When I Lean Too Far Back on the Swings

I find myself in the strangest of places, like the cracks in my bedroom window from when you threw that baseball at me from my backyard. I almost caught it too, but it hit the top of the open window and glass shattered into my left hand. I still have the scars; there are three. I remember the doctors having to pick the shards of glass out of my hand and you watched me and I watched you and I didn’t even cry. I was ten years old and didn’t even cry at the doctor’s cold touch. That’s probably because my touch is just as cold, if not, colder.

I find myself in the old yellowed and blackened newspaper on your bedroom floor. You found it at the James’ house after the fire that destroyed their home had licked the back page of business section. But on the front you can still read the date (it was printed in 1980) and the headline says: “Olympics—USA Hockey team beats Finland in Lake Placid, New York for Gold”. I dreamt about ice hockey at night when I was little. And I dreamt of being the captain, Michael Eruzione, and I spun and spun and cheered but I became a figure skater. I should have been a hockey player. I regret not playing hockey.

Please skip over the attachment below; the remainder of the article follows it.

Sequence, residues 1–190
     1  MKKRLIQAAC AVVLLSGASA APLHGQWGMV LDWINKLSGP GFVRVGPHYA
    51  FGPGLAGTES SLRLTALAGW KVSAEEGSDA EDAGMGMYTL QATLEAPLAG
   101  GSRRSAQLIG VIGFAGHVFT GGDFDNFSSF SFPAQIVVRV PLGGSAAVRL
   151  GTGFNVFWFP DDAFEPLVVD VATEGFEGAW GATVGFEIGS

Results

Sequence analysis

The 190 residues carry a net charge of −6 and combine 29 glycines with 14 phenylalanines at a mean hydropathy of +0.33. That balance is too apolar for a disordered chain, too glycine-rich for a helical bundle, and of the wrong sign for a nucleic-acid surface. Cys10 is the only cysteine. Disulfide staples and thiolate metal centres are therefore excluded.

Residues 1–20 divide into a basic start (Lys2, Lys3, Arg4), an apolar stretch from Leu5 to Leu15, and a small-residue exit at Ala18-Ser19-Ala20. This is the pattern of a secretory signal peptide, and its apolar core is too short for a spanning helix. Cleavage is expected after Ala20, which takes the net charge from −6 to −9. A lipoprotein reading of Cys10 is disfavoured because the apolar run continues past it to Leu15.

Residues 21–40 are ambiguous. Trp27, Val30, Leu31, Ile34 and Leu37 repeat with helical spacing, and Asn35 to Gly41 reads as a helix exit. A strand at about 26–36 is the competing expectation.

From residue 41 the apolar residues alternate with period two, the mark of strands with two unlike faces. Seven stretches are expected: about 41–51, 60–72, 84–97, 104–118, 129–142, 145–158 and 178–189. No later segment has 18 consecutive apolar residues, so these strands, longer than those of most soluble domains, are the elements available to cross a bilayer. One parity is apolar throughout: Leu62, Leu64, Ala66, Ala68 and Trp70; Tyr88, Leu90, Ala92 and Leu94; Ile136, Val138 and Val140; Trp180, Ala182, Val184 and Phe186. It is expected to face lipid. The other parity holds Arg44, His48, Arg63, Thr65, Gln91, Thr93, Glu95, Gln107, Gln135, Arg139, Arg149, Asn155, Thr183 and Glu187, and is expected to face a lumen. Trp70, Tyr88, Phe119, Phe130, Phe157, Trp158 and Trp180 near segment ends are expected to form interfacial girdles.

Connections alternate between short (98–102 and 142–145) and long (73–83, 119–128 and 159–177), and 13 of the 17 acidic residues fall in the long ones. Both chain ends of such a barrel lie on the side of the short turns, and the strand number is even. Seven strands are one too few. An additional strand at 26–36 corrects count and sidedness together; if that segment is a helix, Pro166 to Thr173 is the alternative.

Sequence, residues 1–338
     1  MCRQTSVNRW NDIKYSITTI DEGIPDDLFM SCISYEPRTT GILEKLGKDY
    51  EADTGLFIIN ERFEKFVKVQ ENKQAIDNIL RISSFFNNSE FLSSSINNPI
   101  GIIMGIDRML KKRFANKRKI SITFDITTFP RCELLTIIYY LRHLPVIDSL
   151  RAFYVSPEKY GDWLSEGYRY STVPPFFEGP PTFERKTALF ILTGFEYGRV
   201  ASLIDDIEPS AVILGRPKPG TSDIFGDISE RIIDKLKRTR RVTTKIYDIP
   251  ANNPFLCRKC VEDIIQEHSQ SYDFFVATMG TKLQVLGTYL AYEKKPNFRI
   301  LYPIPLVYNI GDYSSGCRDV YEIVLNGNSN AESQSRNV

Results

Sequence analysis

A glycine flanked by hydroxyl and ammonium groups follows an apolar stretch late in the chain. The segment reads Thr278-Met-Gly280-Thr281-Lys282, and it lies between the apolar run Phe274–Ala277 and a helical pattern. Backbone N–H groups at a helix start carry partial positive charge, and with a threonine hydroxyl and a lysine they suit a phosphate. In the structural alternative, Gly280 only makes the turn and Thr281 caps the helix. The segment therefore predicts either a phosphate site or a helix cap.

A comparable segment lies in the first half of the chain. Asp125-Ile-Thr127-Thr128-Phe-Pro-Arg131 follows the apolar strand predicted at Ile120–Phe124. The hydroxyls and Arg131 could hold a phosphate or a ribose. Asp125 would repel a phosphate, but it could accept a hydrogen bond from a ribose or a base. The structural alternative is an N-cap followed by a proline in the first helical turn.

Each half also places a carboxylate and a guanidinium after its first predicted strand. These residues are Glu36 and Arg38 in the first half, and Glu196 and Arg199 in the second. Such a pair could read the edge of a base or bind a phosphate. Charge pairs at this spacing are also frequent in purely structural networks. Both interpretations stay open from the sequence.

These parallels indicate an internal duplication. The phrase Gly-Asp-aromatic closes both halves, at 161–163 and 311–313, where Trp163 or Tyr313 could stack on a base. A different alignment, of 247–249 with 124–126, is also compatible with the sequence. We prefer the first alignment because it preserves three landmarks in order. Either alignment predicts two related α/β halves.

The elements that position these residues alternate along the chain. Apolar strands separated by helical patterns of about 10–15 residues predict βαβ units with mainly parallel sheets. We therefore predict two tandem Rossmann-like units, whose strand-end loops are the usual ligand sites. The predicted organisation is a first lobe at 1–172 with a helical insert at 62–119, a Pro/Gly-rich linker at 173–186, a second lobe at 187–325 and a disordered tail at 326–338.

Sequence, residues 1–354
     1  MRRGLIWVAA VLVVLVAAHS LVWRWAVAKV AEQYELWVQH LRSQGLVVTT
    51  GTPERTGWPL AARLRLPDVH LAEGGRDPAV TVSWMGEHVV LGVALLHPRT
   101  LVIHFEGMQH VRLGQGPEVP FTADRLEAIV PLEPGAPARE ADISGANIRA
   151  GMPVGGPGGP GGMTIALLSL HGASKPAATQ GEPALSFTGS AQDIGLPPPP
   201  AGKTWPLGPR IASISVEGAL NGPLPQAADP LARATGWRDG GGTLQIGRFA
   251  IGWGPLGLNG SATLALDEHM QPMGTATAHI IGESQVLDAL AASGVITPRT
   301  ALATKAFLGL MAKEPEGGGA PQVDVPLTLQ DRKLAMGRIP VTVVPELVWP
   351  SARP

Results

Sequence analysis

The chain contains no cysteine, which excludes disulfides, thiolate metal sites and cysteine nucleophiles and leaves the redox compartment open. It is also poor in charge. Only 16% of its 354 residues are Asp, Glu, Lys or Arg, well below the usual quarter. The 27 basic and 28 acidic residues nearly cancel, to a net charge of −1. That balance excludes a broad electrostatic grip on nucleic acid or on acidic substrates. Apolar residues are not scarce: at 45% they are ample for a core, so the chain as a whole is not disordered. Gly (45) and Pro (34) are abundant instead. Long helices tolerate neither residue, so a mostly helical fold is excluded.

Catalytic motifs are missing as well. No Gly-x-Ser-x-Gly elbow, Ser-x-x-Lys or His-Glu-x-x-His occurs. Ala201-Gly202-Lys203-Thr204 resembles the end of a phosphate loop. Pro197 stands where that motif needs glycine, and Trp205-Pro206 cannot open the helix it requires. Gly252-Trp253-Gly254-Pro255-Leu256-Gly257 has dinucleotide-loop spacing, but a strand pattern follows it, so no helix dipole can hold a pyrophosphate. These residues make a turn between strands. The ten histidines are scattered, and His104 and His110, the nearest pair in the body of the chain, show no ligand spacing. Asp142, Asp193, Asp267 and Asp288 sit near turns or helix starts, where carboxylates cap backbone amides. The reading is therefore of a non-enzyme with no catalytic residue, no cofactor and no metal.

I find myself in the pages of Catcher in the Rye by J. D. Salinger, falling along side of Holden Caulfield and gripping onto the text as tight as I can. I find myself crying at the end when Phoebe rides the merry-go-round. Every time, I cry as she goes around and around. Sometimes I lose the sidewalk underneath my feet, but I never lose you. I have never lost you.

I find myself in rusty swing sets, where I sit next to you, and you sit next to me and we just kind of watch each other. Sometimes I loose myself in your dark brown eyes but then I find myself again, on the swing set at the elementary school. Sometimes little kids play at our feet or on the slide and we just smile, because we were like that once. They push and shove and we try to push and shove our emotions around but they never change.

You’re always the happy one and I’m the one with the cancer of the mind. You’re the only one who has seen me bite myself to pieces, and the only was who picks me up when I lean too far back on the swing. You’re the only one. And although sometimes I find myself in the cracks in my bedroom window and the yellowed and blackened newspaper on your bedroom floor and even the pages of J. D. Salinger’s most famous book, mostly, I find myself in you.





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